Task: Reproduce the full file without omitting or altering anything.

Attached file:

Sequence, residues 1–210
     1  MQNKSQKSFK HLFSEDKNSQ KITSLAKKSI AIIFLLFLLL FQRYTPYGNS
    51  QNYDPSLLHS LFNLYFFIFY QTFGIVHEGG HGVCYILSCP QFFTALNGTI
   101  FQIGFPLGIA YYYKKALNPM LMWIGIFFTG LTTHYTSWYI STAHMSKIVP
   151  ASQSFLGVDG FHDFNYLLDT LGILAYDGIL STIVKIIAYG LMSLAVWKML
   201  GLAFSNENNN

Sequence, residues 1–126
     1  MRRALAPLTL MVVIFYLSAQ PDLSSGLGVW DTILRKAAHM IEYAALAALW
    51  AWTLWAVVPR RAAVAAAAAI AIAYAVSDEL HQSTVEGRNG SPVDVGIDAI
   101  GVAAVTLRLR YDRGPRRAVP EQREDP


Sequence, residues 1–210
     1  MQNKSQKSFK HLFSEDKNSQ KITSLAKKSI AIIFLLFLLL FQRYTPYGNS
    51  QNYDPSLLHS LFNLYFFIFY QTFGIVHEGG HGVCYILSCP QFFTALNGTI
   101  FQIGFPLGIA YYYKKALNPM LMWIGIFFTG LTTHYTSWYI STAHMSKIVP
   151  ASQSFLGVDG FHDFNYLLDT LGILAYDGIL STIVKIIAYG LMSLAVWKML
   201  GLAFSNENNN

Sequence, residues 1–126
     1  MRRALAPLTL MVVIFYLSAQ PDLSSGLGVW DTILRKAAHM IEYAALAALW
    51  AWTLWAVVPR RAAVAAAAAI AIAYAVSDEL HQSTVEGRNG SPVDVGIDAI
   101  GVAAVTLRLR YDRGPRRAVP EQREDP